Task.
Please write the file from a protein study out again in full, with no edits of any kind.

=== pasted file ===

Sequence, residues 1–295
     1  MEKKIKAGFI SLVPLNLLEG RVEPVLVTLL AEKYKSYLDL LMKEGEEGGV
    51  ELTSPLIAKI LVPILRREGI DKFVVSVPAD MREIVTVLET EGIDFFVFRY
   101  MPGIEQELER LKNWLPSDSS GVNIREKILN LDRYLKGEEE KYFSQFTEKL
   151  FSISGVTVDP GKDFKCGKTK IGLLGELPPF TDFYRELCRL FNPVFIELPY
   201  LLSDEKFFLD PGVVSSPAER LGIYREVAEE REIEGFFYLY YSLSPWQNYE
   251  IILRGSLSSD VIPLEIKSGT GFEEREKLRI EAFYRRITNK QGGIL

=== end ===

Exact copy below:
Sequence, residues 1–295
     1  MEKKIKAGFI SLVPLNLLEG RVEPVLVTLL AEKYKSYLDL LMKEGEEGGV
    51  ELTSPLIAKI LVPILRREGI DKFVVSVPAD MREIVTVLET EGIDFFVFRY
   101  MPGIEQELER LKNWLPSDSS GVNIREKILN LDRYLKGEEE KYFSQFTEKL
   151  FSISGVTVDP GKDFKCGKTK IGLLGELPPF TDFYRELCRL FNPVFIELPY
   201  LLSDEKFFLD PGVVSSPAER LGIYREVAEE REIEGFFYLY YSLSPWQNYE
   251  IILRGSLSSD VIPLEIKSGT GFEEREKLRI EAFYRRITNK QGGIL